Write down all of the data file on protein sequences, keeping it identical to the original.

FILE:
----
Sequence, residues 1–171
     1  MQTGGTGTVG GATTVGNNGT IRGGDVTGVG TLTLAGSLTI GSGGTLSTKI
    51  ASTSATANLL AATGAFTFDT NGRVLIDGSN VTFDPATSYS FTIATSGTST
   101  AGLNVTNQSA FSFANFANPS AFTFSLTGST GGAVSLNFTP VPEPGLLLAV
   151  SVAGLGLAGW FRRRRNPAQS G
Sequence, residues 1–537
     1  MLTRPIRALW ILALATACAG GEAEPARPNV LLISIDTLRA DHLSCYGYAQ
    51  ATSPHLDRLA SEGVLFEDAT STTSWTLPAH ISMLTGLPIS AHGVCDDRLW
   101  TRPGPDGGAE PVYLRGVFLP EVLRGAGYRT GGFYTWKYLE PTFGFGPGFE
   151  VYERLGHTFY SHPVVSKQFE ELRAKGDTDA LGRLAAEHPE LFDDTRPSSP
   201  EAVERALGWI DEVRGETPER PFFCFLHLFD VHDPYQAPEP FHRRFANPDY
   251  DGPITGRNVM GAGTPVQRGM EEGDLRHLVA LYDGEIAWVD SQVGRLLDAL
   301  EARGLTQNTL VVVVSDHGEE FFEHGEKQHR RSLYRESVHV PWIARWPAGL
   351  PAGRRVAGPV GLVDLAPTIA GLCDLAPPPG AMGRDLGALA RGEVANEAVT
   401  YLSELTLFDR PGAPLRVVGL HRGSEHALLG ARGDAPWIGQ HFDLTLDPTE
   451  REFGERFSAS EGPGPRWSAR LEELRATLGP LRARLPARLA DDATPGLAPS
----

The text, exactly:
Sequence, residues 1–171
     1  MQTGGTGTVG GATTVGNNGT IRGGDVTGVG TLTLAGSLTI GSGGTLSTKI
    51  ASTSATANLL AATGAFTFDT NGRVLIDGSN VTFDPATSYS FTIATSGTST
   101  AGLNVTNQSA FSFANFANPS AFTFSLTGST GGAVSLNFTP VPEPGLLLAV
   151  SVAGLGLAGW FRRRRNPAQS G
Sequence, residues 1–537
     1  MLTRPIRALW ILALATACAG GEAEPARPNV LLISIDTLRA DHLSCYGYAQ
    51  ATSPHLDRLA SEGVLFEDAT STTSWTLPAH ISMLTGLPIS AHGVCDDRLW
   101  TRPGPDGGAE PVYLRGVFLP EVLRGAGYRT GGFYTWKYLE PTFGFGPGFE
   151  VYERLGHTFY SHPVVSKQFE ELRAKGDTDA LGRLAAEHPE LFDDTRPSSP
   201  EAVERALGWI DEVRGETPER PFFCFLHLFD VHDPYQAPEP FHRRFANPDY
   251  DGPITGRNVM GAGTPVQRGM EEGDLRHLVA LYDGEIAWVD SQVGRLLDAL
   301  EARGLTQNTL VVVVSDHGEE FFEHGEKQHR RSLYRESVHV PWIARWPAGL
   351  PAGRRVAGPV GLVDLAPTIA GLCDLAPPPG AMGRDLGALA RGEVANEAVT
   401  YLSELTLFDR PGAPLRVVGL HRGSEHALLG ARGDAPWIGQ HFDLTLDPTE
   451  REFGERFSAS EGPGPRWSAR LEELRATLGP LRARLPARLA DDATPGLAPS